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The Napoleonic Wars 1792-1815

Hougoumont’s first hour :

For all discussions relating to the Hundred Days and Napoleon's final defeat at the Battle of Waterloo in 1815.

Re: Hougoumont’s first hour :

Postby Iain » February 26th, 2017, 9:11 am

Hi All…

Thought I might add a little interesting info found recently on Facebook.
On https://www.facebook.com/groups/projecthougoumont/ …, please see the post concerning the walls and loopholes.

As you can read, Alasdair White mentioned that the Great Barn roof was probably loopholed.
This is important because up till now, the specialists have had no written proof that the western wall had been protected.
Seems totally illogical not to have it protected as it's the most potentially vulnerable wall on the farm. Being the reason why I’m researching it !

I had come to the conclusion that the smoke given off by all the muskets inside a building would have made it impossible to aim correctly through loopholes following about 10 minutes of firing. (no ventilation)
On the other hand, holing the tiled roof would have had plenty of ventilation. (see the 3 round ventilation holes in the image which would have created an excellent draft)

As such, independent of the ventilation holes upstairs above the western door, the roof would have been an excellent position to ‘stop’ any French moving north along the cornfield. (AND REDUCING THE POSSIBILITY THAT THE DEAD FRENCH by the north gate originated from the west)
Impossible of course to see the lane, (they’re too high) but my next visit will look for HD telltale signs of brick repairs halfway up the wall. (loop-holing the inside…, they would have been standing on bales of hay)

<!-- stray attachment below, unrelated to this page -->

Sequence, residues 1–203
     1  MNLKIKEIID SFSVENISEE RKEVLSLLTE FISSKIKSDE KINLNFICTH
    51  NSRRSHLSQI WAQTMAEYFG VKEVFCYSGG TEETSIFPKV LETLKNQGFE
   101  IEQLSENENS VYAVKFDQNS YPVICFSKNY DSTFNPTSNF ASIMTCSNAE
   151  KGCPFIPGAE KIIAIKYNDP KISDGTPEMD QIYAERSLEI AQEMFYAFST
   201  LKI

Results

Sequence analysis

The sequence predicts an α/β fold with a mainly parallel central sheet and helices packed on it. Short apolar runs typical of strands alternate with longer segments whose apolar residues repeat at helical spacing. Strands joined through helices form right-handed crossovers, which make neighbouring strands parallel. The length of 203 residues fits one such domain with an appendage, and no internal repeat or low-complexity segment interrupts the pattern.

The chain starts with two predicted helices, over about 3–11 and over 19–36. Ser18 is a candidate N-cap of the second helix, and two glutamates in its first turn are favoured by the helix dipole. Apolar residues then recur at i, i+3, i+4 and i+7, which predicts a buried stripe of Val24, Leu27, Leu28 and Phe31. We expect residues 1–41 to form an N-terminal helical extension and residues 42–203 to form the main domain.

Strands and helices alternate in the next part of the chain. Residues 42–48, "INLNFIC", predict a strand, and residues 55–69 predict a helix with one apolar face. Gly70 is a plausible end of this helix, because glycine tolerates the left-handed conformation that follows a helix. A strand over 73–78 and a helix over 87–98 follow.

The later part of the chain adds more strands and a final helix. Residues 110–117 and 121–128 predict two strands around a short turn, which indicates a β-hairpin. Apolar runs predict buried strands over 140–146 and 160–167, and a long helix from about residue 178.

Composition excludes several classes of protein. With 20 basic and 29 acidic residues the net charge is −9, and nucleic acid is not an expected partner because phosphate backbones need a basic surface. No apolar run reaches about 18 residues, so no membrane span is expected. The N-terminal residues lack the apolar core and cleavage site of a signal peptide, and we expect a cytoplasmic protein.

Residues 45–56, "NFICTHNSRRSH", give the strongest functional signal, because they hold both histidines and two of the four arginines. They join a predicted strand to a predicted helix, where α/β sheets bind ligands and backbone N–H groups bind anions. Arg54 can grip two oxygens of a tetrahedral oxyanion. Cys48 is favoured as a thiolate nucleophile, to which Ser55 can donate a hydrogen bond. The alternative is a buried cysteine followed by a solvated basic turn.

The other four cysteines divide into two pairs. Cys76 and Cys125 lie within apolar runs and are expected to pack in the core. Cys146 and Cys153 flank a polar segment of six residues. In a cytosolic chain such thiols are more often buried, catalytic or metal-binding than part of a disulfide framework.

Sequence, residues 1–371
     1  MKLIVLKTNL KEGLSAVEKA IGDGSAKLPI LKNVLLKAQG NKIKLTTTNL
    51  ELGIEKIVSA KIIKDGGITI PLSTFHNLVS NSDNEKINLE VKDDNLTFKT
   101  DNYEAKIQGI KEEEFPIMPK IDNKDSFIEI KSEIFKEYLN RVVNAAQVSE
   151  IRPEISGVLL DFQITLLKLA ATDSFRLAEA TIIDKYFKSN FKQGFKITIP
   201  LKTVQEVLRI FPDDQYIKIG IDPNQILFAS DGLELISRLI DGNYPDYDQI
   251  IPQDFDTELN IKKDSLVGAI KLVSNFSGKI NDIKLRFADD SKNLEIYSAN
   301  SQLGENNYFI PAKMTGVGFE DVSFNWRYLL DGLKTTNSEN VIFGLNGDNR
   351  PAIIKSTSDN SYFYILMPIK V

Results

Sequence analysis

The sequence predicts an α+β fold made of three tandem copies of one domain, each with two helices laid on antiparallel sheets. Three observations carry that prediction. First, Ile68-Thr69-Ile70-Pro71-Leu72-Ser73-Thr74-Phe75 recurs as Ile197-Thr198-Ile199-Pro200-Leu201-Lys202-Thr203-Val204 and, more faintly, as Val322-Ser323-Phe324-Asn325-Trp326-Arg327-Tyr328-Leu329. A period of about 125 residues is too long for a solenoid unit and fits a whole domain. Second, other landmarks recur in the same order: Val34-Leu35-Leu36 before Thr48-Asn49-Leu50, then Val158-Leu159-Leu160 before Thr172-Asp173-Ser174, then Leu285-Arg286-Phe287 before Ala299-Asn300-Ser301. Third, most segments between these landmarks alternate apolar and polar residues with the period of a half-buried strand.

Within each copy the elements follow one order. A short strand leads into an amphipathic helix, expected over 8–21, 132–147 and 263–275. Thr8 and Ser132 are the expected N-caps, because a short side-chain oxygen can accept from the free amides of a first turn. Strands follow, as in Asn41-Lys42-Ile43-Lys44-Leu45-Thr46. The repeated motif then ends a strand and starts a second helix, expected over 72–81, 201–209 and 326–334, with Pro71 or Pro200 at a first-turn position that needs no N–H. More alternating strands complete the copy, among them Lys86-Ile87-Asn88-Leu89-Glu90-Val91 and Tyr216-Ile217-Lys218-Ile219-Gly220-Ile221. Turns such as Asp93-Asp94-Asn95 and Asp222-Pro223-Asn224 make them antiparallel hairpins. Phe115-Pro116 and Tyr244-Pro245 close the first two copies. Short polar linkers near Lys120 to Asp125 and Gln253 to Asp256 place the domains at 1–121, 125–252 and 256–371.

…, Iain.

PS The following was added on the 17th of April 2017: I have since seen Hougoumont model makers with loopholes in the curtain wall between the western door and the gardener's house. That seems totally logical !
I've also seen a window in a sketch where the gardener's wall (loft) has one looking west. (but that could be 'fantasy')
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Re: Hougoumont’s first hour :

Postby jf42 » February 27th, 2017, 12:36 am

Iain wrote: they would have been standing on bales of hay.


Whatever they might have used to create a firing step, it wouldn't have been bales of hay as the mechanical baler had yet to be invented. Hay was usually stored in free standing stacks, although local custom varied.
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Re: Hougoumont’s first hour :

Postby Iain » February 27th, 2017, 4:53 am

jf42 wrote:
Iain wrote: they would have been standing on bales of hay.


Whatever they might have used to create a firing step, it wouldn't have been bales of hay as the mechanical baler had yet to be invented. Hay was usually stored in free standing stacks, although local custom varied.


Lol…, yes, quite true JF. I suppose I should have said sheaths.
Tying the string around the centre…, I’m of that generation that used to make them. ;)
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Re: Hougoumont’s first hour :

Postby jf42 » March 1st, 2017, 5:18 pm

'Sheaves', no? Tied with twists of straw, in those days (until the arrival of the mechanical reaper-binder) and leant in stooks to dry in the field. Not that they would have made very stable footing, but that is more likely to been the cereal harvest and, in June 1815, that year's crop was still green in the fields. Hay would have gone straight to the stack yard. Perhaps bags of the previous year's threshed grain would be more likely although, for the farmer's sake, one would hope that they had been put out of harm's way.
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Re: Hougoumont’s first hour :

Postby Iain » March 6th, 2017, 8:52 am

Quite true JF…
I’m pleased you corrected me on that and as such, I'm now changing the topic slightly.

Concerning food, I always assumed that June's fruit would have been an excellent supplementary source for all the soldiers but when I noticed that our ‘Bi-Centenary’ apples were less than 1 centimetre in diameter, I started doing a little research.